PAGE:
London - Jemima
Sumgong, the first Kenyan woman to win an Olympic gold in the marathon
when she triumphed in Rio last year, has failed an out-of-competition
dope test, athletics officials said on Friday.
The 32-year-old, who is also the reigning London Marathon champion,
tested positive for the banned blood booster EPO in a test by the
International Association of Athletics Federations (IAAF) in her native
"The IAAF can confirm that an anti-doping rule violation case
concerning the athlete Jemima Jelagat Sumgong (Kenya) has commenced this
week," the IAAF said.
"The athlete tested positive for EPO following a no-notice test conducted by the IAAF in Kenya," the sport's ruling body added.
"This was part of an enhanced IAAF out-of-competition testing
programme dedicated to elite marathon runners which is supported by the
Abbott World Marathon Majors group. The IAAF will make no further
statement about this case until its conclusion."
Erythropoietin (EPO) is a natural hormone that stimulates red cell
production. For a runner, injecting an artificially produced version
increases oxygen absorption which allows them to run harder and faster
Sumgong, who also tested positive for a banned substance in 2012,
starred at the London Marathon last year, defying the odds to win
despite suffering a bruising fall.
Steeled by her success in London, she then became the first Kenyan
woman to win Olympic marathon gold, defeating Ethiopia's world champion
Mare Dibaba in Rio to confirm her status as the world's top marathon
runner of 2016.
Before news of her positive drugs test emerged, Sumgong had vowed to defend her London title on April 23.
London Marathon organisers said they were "extremely disappointed" at Sumgong's failed test.
"She is currently suspended from competition pending the B test and
the outcome of the investigation. Sumgong will therefore not run in
London on April 23 to defend the title she won last year," announced the
race's chief executive Nick Bitel.
He said that "athletes who are banned for a doping offence are banned for life from the event."
At the Rio Olympics, Sumgong defied temperatures of 28 degrees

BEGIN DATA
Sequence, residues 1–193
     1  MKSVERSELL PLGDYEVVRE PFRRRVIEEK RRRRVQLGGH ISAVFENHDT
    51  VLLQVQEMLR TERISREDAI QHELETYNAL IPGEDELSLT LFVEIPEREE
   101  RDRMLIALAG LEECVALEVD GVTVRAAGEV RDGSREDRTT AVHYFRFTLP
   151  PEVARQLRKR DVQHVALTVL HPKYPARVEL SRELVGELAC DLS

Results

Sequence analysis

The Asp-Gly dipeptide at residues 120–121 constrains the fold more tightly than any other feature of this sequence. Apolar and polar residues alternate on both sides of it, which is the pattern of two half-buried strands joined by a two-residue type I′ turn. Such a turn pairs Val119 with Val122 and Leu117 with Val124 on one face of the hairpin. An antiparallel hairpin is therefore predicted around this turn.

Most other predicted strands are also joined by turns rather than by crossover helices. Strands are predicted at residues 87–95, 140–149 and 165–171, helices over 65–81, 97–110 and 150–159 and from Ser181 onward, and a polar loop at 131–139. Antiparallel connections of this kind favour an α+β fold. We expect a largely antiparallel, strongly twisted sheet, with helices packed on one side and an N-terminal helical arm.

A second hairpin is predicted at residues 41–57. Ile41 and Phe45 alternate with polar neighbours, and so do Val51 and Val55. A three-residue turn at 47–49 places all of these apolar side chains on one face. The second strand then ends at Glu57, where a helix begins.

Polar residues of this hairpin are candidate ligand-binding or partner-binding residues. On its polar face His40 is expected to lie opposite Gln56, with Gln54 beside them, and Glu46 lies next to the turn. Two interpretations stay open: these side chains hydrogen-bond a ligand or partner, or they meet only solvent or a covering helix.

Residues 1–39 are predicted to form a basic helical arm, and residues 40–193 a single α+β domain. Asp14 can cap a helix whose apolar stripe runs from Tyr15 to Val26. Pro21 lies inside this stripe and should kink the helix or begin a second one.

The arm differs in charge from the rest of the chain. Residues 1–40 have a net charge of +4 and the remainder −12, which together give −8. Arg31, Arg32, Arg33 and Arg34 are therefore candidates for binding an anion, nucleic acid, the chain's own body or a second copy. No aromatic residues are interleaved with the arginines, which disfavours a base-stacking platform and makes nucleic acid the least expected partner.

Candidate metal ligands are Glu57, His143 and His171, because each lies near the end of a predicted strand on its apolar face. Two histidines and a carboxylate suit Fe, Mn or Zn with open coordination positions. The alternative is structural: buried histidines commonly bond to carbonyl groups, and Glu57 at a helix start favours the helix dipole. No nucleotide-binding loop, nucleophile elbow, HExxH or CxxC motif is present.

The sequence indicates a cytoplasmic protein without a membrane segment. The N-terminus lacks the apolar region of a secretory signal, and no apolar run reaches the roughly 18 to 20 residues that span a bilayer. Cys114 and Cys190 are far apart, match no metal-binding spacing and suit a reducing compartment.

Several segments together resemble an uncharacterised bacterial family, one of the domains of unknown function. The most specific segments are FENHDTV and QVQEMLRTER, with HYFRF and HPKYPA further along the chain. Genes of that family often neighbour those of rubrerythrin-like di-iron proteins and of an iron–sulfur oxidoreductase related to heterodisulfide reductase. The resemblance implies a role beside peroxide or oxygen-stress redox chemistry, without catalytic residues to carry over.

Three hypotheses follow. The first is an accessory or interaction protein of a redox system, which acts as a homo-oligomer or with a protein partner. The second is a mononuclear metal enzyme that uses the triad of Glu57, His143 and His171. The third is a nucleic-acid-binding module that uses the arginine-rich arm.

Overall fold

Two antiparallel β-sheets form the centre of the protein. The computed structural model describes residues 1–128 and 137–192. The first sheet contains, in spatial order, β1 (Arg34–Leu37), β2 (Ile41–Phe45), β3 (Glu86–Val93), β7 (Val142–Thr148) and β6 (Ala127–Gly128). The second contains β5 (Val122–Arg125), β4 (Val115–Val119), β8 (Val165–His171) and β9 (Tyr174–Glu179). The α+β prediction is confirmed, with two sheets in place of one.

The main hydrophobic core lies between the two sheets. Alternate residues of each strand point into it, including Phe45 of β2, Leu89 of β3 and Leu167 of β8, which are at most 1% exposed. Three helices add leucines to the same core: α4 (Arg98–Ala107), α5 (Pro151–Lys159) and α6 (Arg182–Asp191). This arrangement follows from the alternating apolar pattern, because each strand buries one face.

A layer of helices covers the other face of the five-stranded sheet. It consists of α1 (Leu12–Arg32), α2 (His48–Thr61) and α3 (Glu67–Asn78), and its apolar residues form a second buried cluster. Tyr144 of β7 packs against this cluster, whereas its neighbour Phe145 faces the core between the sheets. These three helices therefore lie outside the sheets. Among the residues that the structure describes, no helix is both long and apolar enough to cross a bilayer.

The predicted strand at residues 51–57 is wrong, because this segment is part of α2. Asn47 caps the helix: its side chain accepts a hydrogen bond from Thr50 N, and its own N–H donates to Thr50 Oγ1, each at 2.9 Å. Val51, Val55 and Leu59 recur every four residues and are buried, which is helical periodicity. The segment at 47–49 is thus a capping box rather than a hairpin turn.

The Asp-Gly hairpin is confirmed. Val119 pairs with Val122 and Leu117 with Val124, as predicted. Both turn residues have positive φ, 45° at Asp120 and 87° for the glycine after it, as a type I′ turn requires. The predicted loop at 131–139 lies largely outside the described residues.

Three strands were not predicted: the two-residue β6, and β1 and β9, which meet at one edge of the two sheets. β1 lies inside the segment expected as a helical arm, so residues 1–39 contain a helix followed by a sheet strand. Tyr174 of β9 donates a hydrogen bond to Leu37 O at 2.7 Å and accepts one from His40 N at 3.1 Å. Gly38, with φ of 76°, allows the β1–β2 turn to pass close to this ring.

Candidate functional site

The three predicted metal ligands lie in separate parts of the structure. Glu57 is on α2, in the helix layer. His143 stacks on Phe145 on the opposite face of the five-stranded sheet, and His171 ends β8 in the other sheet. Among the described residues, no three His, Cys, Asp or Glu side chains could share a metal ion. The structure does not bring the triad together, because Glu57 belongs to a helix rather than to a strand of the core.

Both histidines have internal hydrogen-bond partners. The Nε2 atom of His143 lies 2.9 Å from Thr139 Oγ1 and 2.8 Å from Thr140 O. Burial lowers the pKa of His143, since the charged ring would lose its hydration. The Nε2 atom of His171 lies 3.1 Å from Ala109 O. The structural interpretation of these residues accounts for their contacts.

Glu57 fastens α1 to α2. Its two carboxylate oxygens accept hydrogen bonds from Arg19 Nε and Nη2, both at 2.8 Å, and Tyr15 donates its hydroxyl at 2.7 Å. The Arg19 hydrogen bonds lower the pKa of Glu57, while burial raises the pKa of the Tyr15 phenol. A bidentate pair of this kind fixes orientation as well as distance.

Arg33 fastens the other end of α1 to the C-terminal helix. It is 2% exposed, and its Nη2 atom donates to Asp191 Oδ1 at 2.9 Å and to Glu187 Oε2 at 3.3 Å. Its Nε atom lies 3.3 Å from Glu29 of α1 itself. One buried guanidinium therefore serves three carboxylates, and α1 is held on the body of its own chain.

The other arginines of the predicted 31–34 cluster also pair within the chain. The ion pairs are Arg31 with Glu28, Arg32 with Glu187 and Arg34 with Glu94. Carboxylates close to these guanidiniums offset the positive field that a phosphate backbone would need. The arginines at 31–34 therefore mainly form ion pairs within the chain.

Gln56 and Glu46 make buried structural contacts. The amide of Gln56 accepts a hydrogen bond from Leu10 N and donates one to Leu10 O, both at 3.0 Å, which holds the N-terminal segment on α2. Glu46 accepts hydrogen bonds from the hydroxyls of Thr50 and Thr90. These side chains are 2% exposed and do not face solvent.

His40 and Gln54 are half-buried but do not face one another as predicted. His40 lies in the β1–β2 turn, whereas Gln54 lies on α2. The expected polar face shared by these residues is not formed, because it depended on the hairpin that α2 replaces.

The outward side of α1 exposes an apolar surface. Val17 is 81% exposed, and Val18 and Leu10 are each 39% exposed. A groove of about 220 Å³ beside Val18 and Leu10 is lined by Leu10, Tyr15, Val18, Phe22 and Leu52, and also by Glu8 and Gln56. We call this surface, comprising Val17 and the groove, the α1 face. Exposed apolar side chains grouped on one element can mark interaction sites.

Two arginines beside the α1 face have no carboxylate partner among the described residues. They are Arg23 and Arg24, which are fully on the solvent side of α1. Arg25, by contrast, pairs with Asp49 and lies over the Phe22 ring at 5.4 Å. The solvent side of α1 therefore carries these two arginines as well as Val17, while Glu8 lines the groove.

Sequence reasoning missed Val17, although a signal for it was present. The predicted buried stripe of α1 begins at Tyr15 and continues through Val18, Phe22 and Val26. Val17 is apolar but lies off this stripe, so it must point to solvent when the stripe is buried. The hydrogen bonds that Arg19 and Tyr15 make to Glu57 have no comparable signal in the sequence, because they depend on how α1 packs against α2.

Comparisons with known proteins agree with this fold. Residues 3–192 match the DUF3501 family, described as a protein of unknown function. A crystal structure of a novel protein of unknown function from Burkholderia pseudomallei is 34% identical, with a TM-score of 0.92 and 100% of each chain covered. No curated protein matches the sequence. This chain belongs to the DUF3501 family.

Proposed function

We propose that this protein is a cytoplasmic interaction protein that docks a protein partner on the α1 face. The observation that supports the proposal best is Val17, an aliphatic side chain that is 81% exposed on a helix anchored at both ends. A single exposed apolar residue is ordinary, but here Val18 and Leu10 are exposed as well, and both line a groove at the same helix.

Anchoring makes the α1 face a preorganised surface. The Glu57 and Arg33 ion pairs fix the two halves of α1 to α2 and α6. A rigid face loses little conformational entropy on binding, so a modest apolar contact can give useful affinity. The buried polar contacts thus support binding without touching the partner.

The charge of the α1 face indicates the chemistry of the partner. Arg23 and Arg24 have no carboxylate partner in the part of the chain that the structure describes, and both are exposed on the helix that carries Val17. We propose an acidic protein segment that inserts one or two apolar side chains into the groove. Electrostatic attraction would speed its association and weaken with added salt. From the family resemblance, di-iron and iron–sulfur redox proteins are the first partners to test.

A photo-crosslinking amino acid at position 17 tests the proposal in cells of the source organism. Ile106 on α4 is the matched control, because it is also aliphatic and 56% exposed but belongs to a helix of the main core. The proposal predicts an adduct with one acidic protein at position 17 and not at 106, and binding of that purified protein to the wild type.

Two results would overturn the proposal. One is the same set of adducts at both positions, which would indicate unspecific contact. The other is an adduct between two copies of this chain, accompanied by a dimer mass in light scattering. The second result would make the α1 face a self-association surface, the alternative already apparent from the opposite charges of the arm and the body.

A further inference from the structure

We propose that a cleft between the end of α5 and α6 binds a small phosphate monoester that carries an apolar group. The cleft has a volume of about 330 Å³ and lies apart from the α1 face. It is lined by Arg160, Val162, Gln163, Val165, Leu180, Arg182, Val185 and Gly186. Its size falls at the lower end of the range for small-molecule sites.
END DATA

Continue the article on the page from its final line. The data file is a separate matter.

Celsius to claim an historic gold medal in a race that finished at
the city's famed Sambodromo.
"I was never worried that I'd lose," said Sumgong, who added that
victory made up for a disappointing showing at the 2008 Beijing
Olympics. "At the 40 kilometre mark I knew the gold was mine."
The athlete has not spoken out since the news of her failed doping
test, however she posted a Bible verse on her Facebook page which said
"do not be anxious about anything..."
Kenya said that if it was true that Sumgong had failed the dope test it
was "extremely shocking and disappointing" to the whole nation.
In a statement the body said that it had worked "tirelessly to put in
place measures to fight and eradicate the use and abuse of prohibited
Earlier this year, Sumgong was one of a number of top Kenyan athletes
who welcomed a new initiative to eradicate doping, which has tarnished
their image, agreeing to be monitored by doctors appointed by the IAAF
and Athletics Kenya.
"It will be easy for us now to communicate with these doctors before we take any medicine when the need arises," said Sumgong.
The move came after an investigation by German television channel ARD
and Britain's Sunday Times newspaper last July alleging that doping was
rife at the elite training centre in Iten.
Kenyan athletics boss chief Jackson Tuwei has warned that any athlete
who failed to comply would not be selected to represent the country in
"Forty-nine athletes have been found to have violated the WADA (World
Anti-Doping Agency) code in the past five years but were cautioned
according to the laws of the land and WADA code," said Tuwei.
Sumgong's former training partner, the 2014 Chicago and Boston
Marathon champion Rita Jeptoo, is serving a four-year ban after also
testing positive for EPO.
News of Sumgong's test was welcomed by other athletes. US distance
runner Emma Coburn, a bronze medallist in the 3,000m steeplechase at
last year's Olympics, applauded the IAAF's out-of-competition testing.
"Out of competition testing is so important!! Well done, IAAF. I hope
to see more productive results from no-notice out of competition
tests," Coburn tweeted.
In 2012 Sumgong tested positive for steroid Prednisolone following
the Boston marathon. She only served half of a two year ban after a
successful appeal blamed the failed control on treatment for a hip